WP Update:
Ripping Out
12 April 2019

¶ At the beginning of the month, I printed out the section of the writing project that I am working on, and for a day or two I actually thought that it was ready to show to Kathleen. Thank goodness I didn’t. The growing sense that something was missing — an important element of my main idea — was resolved only by adding a few short passages, and a rather meager paragraph, to the once-apparent perfection of the printed draft. This threw everything out of proportion.

Working on the problem this afternoon, a matter of reading and thinking rather than writing or editing, I realized that I had never properly stated my main idea at all. The two pages in which I talked around it instead of explaining it would have to go, even if that meant losing some nice sentences and some interesting, lesser thoughts. That’s as far as I got today. Sometimes, a day of wretchedness and frustration end up with nothing but the certainty that pages of material can’t be fixed. Only amputation will do.

The writing project is teaching me, among many other painful lessons, that talking around things is a tendency of mine, not just an occasional misjudgment. It begins with nothing less innocent than the desire to soften the bluntness of crude assertions by making an oblique approach. As I proceed, this tactic degenerates into a game of twenty questions. At some point, I decide that only a dunce would not have figured out what I’m talking about, so I never do state what I came to say.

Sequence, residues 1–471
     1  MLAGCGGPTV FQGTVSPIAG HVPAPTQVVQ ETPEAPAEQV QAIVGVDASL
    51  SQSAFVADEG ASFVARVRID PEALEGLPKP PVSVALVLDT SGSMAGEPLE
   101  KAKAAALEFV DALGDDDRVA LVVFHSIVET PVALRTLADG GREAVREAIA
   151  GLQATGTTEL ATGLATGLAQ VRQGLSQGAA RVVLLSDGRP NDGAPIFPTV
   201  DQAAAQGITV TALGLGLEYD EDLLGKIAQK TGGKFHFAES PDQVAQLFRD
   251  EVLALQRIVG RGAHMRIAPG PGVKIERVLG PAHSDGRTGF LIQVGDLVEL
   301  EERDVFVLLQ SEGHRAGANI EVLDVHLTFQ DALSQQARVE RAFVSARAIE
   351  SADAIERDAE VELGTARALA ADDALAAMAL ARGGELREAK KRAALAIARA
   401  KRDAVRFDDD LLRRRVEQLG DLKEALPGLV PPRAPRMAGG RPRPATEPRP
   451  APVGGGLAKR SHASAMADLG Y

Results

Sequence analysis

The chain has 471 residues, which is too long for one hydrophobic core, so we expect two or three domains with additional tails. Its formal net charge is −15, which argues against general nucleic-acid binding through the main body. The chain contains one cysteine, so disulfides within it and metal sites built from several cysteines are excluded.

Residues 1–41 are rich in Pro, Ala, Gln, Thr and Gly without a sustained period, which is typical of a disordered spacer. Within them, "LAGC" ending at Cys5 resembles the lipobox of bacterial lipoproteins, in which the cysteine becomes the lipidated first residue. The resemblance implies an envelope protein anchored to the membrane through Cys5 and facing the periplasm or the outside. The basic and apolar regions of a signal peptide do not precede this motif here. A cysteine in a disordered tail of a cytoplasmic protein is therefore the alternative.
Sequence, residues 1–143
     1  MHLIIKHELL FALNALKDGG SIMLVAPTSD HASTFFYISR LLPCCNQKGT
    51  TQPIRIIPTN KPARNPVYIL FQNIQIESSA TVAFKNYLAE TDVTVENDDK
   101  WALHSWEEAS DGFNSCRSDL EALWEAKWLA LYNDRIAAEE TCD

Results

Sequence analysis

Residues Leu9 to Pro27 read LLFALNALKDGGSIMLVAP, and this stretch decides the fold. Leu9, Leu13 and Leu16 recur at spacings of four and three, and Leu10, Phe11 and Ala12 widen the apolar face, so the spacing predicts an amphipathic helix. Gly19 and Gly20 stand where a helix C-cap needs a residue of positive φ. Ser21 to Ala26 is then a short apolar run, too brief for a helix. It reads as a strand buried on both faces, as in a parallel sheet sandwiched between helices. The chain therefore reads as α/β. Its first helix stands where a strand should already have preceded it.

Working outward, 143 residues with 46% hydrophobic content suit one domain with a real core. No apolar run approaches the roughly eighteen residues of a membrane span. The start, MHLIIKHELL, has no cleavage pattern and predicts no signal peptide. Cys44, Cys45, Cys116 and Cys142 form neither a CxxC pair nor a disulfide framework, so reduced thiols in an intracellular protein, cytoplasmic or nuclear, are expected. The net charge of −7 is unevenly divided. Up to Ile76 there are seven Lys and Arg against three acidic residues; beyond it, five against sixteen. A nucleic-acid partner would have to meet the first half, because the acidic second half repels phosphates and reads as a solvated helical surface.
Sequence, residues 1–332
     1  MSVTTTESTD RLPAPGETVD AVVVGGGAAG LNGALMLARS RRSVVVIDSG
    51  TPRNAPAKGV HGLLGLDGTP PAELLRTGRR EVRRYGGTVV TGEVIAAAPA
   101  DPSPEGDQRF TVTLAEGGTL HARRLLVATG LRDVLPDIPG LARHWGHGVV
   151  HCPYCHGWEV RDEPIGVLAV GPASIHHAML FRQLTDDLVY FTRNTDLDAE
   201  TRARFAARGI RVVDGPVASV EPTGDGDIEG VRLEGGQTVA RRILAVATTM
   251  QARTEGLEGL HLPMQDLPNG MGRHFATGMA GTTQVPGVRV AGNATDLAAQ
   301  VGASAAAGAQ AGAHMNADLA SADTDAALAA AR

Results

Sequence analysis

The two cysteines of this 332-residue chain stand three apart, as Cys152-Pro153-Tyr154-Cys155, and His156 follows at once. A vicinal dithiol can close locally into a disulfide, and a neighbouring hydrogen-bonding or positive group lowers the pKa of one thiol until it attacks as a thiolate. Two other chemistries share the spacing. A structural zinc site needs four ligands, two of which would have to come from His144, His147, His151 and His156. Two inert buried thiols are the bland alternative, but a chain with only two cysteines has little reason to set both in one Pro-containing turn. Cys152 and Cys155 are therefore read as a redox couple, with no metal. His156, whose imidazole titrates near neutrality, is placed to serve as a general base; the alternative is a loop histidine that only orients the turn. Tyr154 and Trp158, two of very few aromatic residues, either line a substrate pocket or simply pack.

Or so it seems. I suspect that what’s really going on is that I don’t fully understand my big idea. (The giveaway is that fear of “crude assertions.”) The indirect approach is a well-worn way of concealing, or attempting to conceal, the fact that I don’t know what I’m talking about, as I saw with painful clarity this afternoon. And the only way to find out what my big idea really is is to attack the difficulty of expressing it head-on.

I’m reminded of the first paper that I wrote in prep school. Accustomed to easy A’s in the past, I did not put too much effort into a short essay about a play, required summer reading, that I hadn’t actually read, O’Neill’s The Iceman Cometh. The paper came back marked “E” — Blair’s grading system being rigorously logical at the the time, proceeding directly from “D” to the next letter of the alphabet, instead of skipping over to “F.” For a moment I drew wild, ignorant relief from the supposition (which however I couldn’t take very seriously) that “E” stood for “Excellent.” Another straw to clutch was my not knowing the meaning of the big word in the teacher’s comment. I could guess, but I didn’t know. Mr Dorn had written, “This paper is a tissue of circumlocutions.” In this salutary way, my real education began. 

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